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Housing First for Families Campaign Update: Homeless Families Services Redesign

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In response to our “Housing First! For Homeless Families” the Newsom administration, through the Human Services Agency (HAS), organized a Homeless Families Services Redesign task force, with the participation of City agencies, service providers, advocates and, hopefully, the ones most invested in this process, i.e. the homeless families themselves. Within that group three sub-committees were created to focus on the following issues: eviction prevention, emergency shelters and permanent housing. So far, meetings have been held twice a month and are open to the public. We encourage anyone who is able, concerned, impacted or simply interested in supporting these issues to attend. These meetings are geared towards finding solutions to policies already in place and the possible redesign of the eligibility criteria. We are pushing for the adoption of our Housing First report recommendations, a document produced with the participation of homeless families in shelters, SRO hotels and substandard housing. The final draft will be presented to the Mayor by June 2006. Although the task force has already accepted the inclusion of two of three of our primary recommendations (increasing funding for eviction prevention programs and creating a local rent subsidy for homeless families), our most challenging struggle has been around the demand that 25% of the 3000 units in the Mayor’s 10-year plan be made available to house homeless families. We are also deeply disturbed by the continued refusal of the City’s agencies to include all homeless families in this plan. According to HSA, only families currently in the shelters or in transitional housing would be included among the potential beneficiaries of the redesigned programs. That is a self-serving position, since HSA has consistently refused to acknowledge the existence of homeless families that are not in the shelter or transitional housing system, despite the fact that other City agencies have reported them. While there are more than 600 homeless people who are members of families with children in the shelter system, there are hundreds more living in SRO hotels, languishing in the shelter waiting list, doubled and tripled-up, or otherwise living in some sort of substandard housing. HSA’s refusal to include those families in their plans is a slap in the face of hundreds of homeless families, and a direct challenge to San Francisco’s official definition of homelessness, which does include all the subgroups mentioned above.

Homeless Families Community Assembly

On February 25, 2006 we had a community assembly in honor of Black History Month. The purpose of this assembly was to bring together the immigrant and African American communities. The focus of this assembly was to cultivate relationships and unity between the African American and immigrant community because we understand the importance of working in solidarity, in order to counter the divide and conquer strategies of the political, institutional and cultural realm.

This community assembly was very successful because we had the opportunity to listen to the concerns of families living in shelters and single room occupancy hotels. The families were able to voice their concerns and needs in regards to their unjust living situations. Our goals are:

  1. To have six community assemblies in 2006;
  2. Create endorsements and collaborations with other organizations that are seeking social justice and housing rights for families;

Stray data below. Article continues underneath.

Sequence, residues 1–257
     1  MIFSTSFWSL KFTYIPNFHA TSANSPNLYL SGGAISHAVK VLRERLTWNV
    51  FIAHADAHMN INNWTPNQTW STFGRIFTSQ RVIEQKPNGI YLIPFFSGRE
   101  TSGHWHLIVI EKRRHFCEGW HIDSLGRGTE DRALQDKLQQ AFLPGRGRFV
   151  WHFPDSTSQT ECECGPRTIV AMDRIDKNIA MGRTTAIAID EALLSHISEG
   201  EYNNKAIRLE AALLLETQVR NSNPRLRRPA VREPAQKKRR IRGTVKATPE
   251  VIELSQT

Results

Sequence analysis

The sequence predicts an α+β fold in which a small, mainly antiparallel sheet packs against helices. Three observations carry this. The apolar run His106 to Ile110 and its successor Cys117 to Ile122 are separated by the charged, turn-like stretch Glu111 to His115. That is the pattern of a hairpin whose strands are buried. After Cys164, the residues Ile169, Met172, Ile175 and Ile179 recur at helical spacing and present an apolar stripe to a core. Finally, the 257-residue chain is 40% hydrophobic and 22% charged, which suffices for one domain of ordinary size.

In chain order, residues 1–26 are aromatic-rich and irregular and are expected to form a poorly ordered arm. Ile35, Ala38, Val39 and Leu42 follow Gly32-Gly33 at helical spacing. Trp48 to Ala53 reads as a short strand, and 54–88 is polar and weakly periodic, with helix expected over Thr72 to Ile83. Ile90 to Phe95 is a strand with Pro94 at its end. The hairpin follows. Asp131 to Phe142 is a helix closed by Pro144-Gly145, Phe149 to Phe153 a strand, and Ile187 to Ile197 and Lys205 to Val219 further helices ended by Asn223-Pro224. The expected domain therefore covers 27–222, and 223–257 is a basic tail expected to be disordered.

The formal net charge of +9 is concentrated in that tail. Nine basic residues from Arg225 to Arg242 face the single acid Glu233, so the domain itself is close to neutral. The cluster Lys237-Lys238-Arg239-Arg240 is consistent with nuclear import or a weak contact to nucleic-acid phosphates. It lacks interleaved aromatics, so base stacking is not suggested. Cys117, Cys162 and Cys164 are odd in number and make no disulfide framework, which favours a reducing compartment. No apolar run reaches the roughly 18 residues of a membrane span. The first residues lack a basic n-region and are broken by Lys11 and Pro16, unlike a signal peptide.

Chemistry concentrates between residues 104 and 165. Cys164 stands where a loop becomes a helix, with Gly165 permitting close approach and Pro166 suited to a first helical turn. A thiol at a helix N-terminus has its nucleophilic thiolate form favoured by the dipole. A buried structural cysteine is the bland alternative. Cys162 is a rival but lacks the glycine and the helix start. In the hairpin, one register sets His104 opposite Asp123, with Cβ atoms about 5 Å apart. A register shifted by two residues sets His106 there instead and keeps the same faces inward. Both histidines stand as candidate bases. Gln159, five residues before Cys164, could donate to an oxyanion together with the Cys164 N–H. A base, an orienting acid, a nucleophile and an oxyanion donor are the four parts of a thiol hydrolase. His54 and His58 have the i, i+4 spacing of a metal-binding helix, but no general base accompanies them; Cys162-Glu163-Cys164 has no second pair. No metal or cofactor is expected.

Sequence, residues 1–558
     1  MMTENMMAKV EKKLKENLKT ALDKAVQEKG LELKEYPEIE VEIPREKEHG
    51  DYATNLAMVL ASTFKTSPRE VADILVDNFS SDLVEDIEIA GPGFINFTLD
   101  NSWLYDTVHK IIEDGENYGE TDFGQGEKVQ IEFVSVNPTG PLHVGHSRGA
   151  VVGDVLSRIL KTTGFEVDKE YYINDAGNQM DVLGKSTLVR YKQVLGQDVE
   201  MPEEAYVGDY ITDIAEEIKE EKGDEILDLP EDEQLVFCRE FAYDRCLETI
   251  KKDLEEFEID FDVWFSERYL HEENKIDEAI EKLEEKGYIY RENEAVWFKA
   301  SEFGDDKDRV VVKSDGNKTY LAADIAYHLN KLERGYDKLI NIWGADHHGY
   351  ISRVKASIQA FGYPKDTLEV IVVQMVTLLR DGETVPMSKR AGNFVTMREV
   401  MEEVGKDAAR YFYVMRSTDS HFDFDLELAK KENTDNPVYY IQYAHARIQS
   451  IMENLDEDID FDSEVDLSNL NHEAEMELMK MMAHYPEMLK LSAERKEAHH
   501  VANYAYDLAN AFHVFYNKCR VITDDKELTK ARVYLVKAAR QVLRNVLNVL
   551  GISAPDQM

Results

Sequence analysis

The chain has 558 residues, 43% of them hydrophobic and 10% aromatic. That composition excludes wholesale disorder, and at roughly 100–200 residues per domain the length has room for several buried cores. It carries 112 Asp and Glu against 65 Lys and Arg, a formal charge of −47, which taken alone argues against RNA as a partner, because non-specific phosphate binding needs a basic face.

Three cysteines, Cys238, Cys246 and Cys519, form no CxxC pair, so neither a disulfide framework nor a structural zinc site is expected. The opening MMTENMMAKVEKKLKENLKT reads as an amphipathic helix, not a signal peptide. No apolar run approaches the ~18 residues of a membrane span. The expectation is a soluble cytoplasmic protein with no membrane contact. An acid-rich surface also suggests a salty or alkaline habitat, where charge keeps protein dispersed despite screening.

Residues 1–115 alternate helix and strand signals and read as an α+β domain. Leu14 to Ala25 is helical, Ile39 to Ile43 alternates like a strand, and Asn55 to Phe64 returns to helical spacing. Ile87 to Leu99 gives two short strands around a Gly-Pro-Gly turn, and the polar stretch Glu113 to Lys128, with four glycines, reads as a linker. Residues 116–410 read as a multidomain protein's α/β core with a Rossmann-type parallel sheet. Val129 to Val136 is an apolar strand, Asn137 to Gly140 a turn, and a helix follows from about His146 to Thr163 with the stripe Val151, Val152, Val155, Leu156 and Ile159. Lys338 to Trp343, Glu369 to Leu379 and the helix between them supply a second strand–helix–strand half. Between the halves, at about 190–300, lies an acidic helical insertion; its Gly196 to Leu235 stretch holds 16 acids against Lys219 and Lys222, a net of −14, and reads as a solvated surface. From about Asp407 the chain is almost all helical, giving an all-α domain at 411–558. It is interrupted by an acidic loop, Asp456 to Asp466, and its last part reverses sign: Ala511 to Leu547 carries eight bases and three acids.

3. Unify families and immigrants to work collaboratively towards a common goal of housing and human rights.

Historically, both African American and Latino immigrant communities share similar marginalization in the social, institutional, political and economic realm. The civil rights struggle of the 1960’s and today, the immigrant rights struggle (Proposition 187, 209, HR4437 etc.) are one in the same, the desire for equity and to be treated as full citizens and human beings. The only institution where the African American and Latino communities are disproportionately represented is the Prison Industrial Complex.

In other words, both these communities are criminalized and this perpetuates the subsequent inequities that they continue to face. For example, the so called “Revitalization Plans” (gentrification) of the Mission and 3rd Street/Hunters Point districts has and will have a negative impact on available housing for families and low-income peoples while creating housing for those who can afford to their buy homes. Violence in African American and Latino immigrant communities continue to be met with police repression and incarceration instead of addressing the root causes of violence such as poverty, marginalization and lack of political will by our elected officials to advocate for these communities. These are just a few examples of the similar struggles that these communities face and in light of the lack of political will of our elected officials to address these issues it is important that these communities unite to create a collective voice in their struggle for equity.

Please feel free to support us. Drop by our meetings on Thursday, 12:30pm at 468 Turk Street (COH) or call us at 415-861-7419.

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Author: Street Sheet Editor

The STREET SHEET is the oldest continuously published street news paper in the United States. Organizationally, it is the public education and outreach tool of the Coalition on Homelessness. Every month, the STREET SHEET reaches 32,000 readers through over 200 homeless or low-income vendors. Our vendors are charged nothing for the papers they receive, and keep all money they earn through STREET SHEET distribution.

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